Project Loon: How Google's Wi-Fi balloons could be a billion-dollar business

What's the pay out for connecting the rest of the world to the Internet using massive inflatable balloons? Google believes it could be tens of billions of dollars.

Google+/Project Loon
Google's Project Loon recorded its longest flight at 187 days, starting this summer in New Zealand and navigating to South American and Australia.

Google has made a pretty penny out of monetizing everything from search engine ads to education apps. What is its next billion-dollar idea?


And to be exact, Google estimates it’s a $10 billion idea.

Remember Project Loon? About four years ago Google revealed a series of massive balloons that could be used to blanket hard-to-reach areas with Wi-Fi coverage, connecting huge swaths of unconnected regions to the Internet. Though an interesting concept, many thought it would remain in the mysterious shadows of Google X's moonshot projects. But now, it looks like Google is ready to get the project off the ground in a big way.

It has come to light that Google’s Project Loon balloons can stay up in the air for up to six months, which is enough proof of durability that telecoms are starting to pay attention. According to The Verge, which got a behind-the-scenes look at the tech, Google is working out Loon deals with several networks around the world.

Right now, Google is focusing primarily on the southern hemisphere, which is less densely populated and less likely to have solid Internet. Using readings from the US National Oceanic and Atmospheric Administration, the balloons read wind currents and hop onto the one that will lead them to where they need to go. Loon has received interest both from developing and developed nations – Mike Cassidy, head of Loon operations, points out that the balloons could be used after natural disasters knock out power and cable lines.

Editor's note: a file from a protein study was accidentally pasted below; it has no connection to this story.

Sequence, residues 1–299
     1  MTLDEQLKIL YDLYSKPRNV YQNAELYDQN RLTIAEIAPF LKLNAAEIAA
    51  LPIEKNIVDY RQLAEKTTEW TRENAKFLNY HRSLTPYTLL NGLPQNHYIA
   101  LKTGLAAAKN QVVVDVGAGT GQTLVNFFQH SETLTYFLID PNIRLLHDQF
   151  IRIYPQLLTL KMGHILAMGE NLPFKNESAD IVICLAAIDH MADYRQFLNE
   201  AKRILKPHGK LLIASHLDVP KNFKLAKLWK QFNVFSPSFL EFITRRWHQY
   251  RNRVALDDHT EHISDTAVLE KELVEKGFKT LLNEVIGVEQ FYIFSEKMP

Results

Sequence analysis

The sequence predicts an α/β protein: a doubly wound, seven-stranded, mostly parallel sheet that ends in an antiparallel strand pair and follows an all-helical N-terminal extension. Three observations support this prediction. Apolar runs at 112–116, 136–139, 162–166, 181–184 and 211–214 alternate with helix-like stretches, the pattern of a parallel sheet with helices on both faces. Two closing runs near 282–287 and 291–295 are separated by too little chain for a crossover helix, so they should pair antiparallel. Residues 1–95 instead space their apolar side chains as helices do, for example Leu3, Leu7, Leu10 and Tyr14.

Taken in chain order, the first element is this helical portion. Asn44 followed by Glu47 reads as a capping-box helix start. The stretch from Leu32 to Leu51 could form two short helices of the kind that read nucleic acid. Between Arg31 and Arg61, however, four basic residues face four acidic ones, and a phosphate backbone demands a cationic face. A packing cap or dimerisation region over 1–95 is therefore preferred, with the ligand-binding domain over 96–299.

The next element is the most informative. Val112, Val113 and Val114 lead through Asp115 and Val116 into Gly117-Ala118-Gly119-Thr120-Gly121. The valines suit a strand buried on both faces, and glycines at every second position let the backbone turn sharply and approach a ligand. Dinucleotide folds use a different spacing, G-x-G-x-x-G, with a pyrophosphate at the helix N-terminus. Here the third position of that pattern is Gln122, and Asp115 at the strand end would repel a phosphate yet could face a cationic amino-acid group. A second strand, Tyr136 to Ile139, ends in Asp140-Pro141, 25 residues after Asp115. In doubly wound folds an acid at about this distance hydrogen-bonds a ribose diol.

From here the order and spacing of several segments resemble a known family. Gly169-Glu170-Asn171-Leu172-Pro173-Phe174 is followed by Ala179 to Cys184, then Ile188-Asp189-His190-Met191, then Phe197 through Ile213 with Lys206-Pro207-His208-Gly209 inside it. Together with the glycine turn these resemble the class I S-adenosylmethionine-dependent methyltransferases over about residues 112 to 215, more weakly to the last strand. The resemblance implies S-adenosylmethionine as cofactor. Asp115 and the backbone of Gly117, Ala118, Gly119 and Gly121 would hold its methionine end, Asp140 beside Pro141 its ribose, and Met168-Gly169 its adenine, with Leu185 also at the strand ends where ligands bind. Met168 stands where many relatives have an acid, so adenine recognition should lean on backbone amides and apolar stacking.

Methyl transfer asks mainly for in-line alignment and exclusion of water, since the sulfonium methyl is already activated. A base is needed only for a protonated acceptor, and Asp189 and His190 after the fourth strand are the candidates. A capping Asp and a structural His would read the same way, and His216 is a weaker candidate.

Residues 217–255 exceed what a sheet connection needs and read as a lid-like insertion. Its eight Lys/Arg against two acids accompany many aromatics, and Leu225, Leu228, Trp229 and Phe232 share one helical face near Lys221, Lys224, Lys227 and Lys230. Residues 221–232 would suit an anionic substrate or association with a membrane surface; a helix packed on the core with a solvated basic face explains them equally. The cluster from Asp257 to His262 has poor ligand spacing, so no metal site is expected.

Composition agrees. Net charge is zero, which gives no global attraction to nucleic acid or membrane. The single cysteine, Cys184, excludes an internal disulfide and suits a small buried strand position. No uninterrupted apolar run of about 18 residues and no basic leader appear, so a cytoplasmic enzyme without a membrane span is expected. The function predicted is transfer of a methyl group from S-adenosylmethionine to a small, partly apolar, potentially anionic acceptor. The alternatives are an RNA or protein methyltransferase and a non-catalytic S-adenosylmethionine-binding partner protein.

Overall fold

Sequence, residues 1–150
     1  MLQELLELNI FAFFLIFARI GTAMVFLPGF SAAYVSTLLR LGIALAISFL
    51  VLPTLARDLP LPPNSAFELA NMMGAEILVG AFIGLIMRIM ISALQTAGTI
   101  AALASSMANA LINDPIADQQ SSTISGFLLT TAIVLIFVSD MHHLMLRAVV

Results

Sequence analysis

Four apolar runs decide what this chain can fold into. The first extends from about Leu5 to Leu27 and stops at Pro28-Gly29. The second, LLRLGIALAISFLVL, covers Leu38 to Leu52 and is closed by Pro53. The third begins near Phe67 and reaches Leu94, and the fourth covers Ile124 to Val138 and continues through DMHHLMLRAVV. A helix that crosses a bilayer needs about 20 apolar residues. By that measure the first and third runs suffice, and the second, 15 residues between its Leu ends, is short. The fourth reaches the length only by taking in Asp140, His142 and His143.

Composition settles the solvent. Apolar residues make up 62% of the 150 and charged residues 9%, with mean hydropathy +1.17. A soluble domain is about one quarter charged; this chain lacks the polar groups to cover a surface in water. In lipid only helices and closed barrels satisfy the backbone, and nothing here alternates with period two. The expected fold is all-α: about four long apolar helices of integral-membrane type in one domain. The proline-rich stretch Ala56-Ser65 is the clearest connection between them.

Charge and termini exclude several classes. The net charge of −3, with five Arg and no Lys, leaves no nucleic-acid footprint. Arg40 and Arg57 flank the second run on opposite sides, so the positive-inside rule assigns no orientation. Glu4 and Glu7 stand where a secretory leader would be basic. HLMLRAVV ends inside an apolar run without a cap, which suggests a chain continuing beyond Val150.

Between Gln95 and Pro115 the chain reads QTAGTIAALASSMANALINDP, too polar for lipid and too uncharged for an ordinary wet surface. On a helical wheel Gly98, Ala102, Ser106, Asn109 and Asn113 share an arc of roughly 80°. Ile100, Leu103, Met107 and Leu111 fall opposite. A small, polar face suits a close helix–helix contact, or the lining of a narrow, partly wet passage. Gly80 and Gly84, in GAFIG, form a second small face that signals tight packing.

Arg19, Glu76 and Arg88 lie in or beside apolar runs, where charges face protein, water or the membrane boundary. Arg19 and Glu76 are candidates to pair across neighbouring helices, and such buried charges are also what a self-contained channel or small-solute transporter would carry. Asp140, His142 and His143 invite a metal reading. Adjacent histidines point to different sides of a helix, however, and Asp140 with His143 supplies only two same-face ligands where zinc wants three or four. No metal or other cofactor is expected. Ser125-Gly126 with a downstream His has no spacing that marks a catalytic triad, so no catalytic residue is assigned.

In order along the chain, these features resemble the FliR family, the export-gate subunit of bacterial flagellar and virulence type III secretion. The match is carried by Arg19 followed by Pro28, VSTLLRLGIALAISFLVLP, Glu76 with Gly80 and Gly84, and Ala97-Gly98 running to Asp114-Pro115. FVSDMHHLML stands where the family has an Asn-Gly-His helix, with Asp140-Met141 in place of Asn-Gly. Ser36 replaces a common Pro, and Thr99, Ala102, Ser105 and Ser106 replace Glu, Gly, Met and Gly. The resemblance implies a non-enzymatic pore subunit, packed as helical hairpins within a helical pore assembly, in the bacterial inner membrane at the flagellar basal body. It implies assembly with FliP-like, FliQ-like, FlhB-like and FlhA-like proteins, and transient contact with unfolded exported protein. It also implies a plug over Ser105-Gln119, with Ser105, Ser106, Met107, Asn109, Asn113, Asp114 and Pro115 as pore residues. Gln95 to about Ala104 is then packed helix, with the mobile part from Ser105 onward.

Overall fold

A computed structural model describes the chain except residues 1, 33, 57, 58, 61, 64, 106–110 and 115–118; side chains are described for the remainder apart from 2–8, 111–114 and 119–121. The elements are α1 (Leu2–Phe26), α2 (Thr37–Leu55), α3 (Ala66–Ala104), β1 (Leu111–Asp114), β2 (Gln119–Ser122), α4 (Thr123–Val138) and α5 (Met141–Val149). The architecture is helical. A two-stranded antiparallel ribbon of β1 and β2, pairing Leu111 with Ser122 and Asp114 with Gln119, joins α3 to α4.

So far, balloons have been able to travel from New Zealand to Latin America to Australia, and successfully transmitted Internet along the way.

Internet for all? A profitable idea for Google, who already controls 88 percent of the search market worldwide. Google estimates that if 250 million people (about 5 percent of the total people worldwide without Internet access) paid $5 per month for the service, Google could bring in tens of billions of dollars per year.

Of course, that is not taking account for operating costs, or the fact that $5 per month is pricey for many people in the developing world who remain without Internet.

But Google has proved one thing with the recent Loon news. There are a lot of people that aren’t yet connected, and Google is determined to get them online even if it means getting into the balloon business.

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